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Food startup wins $22K in Mayo Biz Competition

Tikka Team won first place in the Mayo Business Plan Competition, the first all-female team to take the top spot in the program’s four-year-long history. Photos by Dustin Fenstermacher
Tikka Team won first place in the Mayo Business Plan Competition, the first all-female team to take the top spot in the program’s four-year-long history. Photos by Dustin Fenstermacher

Until recently, all Mehak Aswani, Pauleena Pal, and Sheenal Parikh had to show for their future restaurant, Tikka Roll, was an Excel file full of projected sales figures and long list of needs, including a fridge, a sink, and a fryer.

But after winning first prize in the 2015 Mayo Business Plan Competition on April 8, the three seniors have $22,000 to put toward making the restaurant a reality.

Jamie LeRoy shows Mayo judges how the Thor motor attaches to any longboard.
Jamie LeRoy shows Mayo judges how the Thor motor attaches to any longboard.

Two other student groups—Thor Electric Longboards and ProjectSpotter—also competed in the finalist round that evening. The longboard team, made up of Jamie LeRoy, Ian Nolan, and Jenna Wilson, won second place, with a purse of $12,000. ProjectSpotter’s Jessica Gorham, Matthew Hellenbrecht, Patrick Kelly, and Eric Sawyer took home third place and $6,000.

ProjectSpotter’s Eric Sawyer and colleagues pitched a web platform to help student researchers across the globe find each other.
ProjectSpotter’s Eric Sawyer and colleagues pitched a web platform to help student researchers across the globe find each other.

“There are no losers here,” said School of Business Dean Bill Keep. “Everyone goes home with money, and six months of hard work for an experience they’ll never forget.”

That seems undeniable for Team Tikka Roll. What’s more is that their roll-out plans for the restaurant stand to directly benefit TCNJ students.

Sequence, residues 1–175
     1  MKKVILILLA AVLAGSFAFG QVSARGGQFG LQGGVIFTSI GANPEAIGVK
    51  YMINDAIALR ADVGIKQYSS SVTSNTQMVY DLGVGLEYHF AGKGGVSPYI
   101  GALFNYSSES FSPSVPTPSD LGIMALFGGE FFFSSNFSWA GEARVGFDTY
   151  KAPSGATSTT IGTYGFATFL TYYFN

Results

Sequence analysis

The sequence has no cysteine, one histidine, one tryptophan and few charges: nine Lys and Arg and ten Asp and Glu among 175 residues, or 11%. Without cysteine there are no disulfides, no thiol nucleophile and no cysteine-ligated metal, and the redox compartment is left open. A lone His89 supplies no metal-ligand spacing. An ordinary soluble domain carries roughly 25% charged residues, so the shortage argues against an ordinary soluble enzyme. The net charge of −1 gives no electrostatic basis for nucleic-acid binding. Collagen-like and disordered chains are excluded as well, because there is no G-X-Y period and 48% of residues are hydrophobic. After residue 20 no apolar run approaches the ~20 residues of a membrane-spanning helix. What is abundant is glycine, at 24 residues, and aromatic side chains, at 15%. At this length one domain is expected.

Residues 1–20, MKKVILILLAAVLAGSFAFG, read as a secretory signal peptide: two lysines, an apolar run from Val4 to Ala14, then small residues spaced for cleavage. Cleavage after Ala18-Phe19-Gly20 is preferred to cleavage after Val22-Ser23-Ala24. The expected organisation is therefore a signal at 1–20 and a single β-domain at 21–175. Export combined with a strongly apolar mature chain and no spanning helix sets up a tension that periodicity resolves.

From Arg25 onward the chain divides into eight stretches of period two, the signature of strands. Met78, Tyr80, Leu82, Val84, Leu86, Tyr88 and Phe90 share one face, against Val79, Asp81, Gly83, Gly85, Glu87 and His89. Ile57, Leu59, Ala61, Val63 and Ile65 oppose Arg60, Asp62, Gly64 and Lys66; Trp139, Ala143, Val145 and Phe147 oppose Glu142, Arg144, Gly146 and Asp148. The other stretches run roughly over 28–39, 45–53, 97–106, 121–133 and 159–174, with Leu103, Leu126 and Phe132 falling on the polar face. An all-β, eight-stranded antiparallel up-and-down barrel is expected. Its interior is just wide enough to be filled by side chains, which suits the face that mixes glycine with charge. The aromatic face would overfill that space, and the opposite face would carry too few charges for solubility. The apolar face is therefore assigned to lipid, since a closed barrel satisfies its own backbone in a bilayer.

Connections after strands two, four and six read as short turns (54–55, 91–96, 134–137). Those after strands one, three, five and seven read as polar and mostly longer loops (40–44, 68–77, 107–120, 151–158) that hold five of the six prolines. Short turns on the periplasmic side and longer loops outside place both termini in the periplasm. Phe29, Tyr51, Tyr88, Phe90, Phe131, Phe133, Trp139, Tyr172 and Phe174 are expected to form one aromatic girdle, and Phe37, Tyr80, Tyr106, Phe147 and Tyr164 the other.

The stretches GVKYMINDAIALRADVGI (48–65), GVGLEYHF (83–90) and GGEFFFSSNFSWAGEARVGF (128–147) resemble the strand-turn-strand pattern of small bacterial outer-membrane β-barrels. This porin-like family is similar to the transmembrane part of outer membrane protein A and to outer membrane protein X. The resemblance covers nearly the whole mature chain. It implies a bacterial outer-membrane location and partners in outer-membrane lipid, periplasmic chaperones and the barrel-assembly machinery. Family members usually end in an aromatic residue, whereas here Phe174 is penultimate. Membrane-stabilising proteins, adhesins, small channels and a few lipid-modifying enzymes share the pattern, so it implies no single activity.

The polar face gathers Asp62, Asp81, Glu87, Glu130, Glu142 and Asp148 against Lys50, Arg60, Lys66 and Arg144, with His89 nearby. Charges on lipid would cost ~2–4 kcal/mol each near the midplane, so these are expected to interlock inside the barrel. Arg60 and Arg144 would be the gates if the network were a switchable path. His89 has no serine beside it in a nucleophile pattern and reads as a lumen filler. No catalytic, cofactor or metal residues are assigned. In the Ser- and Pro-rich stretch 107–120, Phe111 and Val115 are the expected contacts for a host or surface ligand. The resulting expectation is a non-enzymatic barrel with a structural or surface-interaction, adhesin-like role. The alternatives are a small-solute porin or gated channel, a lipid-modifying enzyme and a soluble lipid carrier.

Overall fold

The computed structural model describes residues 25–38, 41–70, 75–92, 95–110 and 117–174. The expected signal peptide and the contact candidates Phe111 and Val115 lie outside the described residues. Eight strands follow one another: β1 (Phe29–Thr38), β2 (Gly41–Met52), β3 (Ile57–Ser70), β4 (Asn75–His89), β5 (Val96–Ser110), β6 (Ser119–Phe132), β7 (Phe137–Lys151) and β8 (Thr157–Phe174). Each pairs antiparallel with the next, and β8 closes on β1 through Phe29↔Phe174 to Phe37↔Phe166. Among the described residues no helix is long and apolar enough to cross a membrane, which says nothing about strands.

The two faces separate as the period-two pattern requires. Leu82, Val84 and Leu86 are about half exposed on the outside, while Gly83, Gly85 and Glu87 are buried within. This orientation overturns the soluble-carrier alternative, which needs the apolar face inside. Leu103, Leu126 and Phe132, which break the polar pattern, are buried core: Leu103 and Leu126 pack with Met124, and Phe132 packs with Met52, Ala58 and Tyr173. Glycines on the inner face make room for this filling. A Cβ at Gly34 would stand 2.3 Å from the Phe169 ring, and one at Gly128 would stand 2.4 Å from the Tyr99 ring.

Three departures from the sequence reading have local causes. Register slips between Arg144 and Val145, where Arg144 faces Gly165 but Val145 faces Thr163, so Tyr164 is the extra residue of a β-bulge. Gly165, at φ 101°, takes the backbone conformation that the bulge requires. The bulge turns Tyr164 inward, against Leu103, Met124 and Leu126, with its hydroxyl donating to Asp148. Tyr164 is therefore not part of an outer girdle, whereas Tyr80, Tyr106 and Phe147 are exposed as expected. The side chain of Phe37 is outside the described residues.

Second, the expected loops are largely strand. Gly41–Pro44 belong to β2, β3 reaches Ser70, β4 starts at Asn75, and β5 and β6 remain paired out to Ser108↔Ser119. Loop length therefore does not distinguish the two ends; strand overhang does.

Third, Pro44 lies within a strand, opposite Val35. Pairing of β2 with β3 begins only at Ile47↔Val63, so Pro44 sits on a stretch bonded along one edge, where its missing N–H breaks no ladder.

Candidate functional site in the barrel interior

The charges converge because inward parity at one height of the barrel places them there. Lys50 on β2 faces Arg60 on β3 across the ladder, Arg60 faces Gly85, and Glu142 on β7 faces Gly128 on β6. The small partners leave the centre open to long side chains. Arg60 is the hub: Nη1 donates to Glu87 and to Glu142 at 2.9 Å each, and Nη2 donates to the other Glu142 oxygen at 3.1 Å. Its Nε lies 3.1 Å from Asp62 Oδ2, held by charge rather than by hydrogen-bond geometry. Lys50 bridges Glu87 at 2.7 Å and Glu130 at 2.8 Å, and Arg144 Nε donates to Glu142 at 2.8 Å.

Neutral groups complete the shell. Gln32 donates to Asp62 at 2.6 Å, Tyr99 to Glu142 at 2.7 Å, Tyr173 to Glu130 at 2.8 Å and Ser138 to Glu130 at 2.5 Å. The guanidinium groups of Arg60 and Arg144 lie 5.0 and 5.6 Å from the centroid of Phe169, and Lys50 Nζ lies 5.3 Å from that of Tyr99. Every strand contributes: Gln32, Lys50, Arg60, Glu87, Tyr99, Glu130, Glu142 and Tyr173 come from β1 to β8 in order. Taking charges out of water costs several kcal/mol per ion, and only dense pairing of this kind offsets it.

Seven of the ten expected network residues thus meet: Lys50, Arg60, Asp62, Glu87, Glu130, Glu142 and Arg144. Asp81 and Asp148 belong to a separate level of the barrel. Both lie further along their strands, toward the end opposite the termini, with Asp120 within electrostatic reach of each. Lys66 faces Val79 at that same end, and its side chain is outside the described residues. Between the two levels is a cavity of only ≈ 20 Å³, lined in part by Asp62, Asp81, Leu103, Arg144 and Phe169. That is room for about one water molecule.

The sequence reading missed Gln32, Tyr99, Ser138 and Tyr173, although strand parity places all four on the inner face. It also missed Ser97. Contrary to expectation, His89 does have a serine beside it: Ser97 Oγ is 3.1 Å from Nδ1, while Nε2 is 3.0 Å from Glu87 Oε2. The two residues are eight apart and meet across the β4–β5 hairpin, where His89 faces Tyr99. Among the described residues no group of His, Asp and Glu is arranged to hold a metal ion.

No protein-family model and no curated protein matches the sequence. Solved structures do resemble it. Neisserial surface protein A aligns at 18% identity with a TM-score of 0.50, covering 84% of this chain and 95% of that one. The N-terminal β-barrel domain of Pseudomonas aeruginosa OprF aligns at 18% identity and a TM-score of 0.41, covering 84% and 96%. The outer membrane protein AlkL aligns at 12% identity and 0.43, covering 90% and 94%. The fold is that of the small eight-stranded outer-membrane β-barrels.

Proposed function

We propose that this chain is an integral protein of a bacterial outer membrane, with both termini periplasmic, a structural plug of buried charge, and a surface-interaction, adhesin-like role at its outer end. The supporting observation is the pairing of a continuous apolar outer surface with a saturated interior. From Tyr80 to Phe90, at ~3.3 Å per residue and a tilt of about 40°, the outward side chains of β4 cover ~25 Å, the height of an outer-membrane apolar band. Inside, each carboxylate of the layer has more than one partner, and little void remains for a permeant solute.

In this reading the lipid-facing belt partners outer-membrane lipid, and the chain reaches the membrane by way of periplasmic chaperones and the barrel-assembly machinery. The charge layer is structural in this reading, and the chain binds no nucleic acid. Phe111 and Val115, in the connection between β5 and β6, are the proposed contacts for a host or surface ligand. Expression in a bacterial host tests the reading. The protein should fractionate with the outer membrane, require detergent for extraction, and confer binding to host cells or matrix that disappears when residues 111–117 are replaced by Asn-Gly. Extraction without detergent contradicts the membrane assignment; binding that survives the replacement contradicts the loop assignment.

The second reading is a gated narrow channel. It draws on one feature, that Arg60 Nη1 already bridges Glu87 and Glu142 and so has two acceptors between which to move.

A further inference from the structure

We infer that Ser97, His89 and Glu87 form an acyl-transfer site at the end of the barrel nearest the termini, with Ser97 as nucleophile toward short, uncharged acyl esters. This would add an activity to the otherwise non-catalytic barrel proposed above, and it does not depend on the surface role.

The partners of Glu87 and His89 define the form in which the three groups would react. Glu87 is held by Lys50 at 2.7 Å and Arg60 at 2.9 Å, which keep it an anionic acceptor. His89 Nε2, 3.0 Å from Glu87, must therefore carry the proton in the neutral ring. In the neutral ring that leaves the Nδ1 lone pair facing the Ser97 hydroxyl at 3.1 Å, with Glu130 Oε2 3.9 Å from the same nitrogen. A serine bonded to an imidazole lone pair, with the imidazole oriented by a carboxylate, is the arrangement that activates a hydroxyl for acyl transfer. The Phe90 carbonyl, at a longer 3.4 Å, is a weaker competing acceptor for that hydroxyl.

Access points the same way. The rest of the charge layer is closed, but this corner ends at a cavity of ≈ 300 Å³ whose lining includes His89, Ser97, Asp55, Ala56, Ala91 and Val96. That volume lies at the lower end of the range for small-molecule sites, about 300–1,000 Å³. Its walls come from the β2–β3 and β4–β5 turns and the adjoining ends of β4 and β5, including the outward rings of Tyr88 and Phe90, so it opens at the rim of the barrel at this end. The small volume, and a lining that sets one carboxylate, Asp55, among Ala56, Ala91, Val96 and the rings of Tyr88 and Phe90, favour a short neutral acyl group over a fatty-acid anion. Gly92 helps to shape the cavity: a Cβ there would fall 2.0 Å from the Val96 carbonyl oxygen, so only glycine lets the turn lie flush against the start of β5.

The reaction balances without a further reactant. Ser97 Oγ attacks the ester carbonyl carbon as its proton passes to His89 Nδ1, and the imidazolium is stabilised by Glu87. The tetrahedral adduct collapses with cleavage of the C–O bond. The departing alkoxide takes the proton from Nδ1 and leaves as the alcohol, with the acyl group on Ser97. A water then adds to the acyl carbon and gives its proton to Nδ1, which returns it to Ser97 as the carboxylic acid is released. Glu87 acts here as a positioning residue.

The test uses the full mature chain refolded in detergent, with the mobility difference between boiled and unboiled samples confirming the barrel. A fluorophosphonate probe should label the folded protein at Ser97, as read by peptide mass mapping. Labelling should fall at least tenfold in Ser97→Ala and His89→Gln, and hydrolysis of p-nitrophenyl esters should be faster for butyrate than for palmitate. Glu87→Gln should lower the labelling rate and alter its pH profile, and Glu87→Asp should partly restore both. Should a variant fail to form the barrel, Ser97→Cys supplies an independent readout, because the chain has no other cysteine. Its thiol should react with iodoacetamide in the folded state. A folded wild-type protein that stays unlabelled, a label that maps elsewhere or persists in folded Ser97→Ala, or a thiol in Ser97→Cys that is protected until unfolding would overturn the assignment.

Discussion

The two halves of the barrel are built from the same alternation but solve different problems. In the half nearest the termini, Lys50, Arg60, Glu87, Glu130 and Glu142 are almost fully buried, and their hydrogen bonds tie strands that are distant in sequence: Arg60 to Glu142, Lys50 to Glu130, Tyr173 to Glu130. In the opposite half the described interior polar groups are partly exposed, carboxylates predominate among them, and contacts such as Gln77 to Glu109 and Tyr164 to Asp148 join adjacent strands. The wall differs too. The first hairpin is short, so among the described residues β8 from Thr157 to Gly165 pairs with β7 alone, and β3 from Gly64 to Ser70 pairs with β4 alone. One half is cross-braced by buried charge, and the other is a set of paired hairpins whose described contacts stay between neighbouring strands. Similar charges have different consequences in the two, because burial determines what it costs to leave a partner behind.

“We’re hoping to acquire space in CampusTown,” said Mehak Aswani, a finance and political science double major and the company’s chief operating officer. The restaurant plans to offer late-night hours and delivery by bike. “There’s not much Indian food closer than Hamilton and Princeton,” she said, during the group’s presentation on market competition.

For the uninitiated, a tikka roll is the union of paratha, a soft, circular flatbread, and a spicy meat or veggie filling. The women expect to charge about $5 per roll.

The five Mayo competition judges, four of whom are TCNJ alumni, had a “lively discussion, but coming to our decision was amicable,” said Stacy Mattia, a judge and senior vice president at JPMorgan Chase. The first-place winners “had an overwhelming sense of passion” for their business.

“Throughout the process, [Team Tikka] really had a strong use case plan [for the restaurant],” said judge Eric Szabo ’97, the chief risk officer for Annaly Management Company.

It didn’t hurt that the tikka rolls were delicious.

“I couldn’t stop eating them,” said Szabo, on this, his second sampling after the business plan semi-finals. “One of the other judges said she went home and was dreaming about it.”


 

Renée Olson, director of strategic communications

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